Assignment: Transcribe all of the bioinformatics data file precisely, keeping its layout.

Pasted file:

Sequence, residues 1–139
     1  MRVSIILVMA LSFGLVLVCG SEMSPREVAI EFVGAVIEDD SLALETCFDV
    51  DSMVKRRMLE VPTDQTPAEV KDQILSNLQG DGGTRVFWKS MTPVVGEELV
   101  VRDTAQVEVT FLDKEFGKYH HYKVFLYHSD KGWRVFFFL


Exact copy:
Sequence, residues 1–139
     1  MRVSIILVMA LSFGLVLVCG SEMSPREVAI EFVGAVIEDD SLALETCFDV
    51  DSMVKRRMLE VPTDQTPAEV KDQILSNLQG DGGTRVFWKS MTPVVGEELV
   101  VRDTAQVEVT FLDKEFGKYH HYKVFLYHSD KGWRVFFFL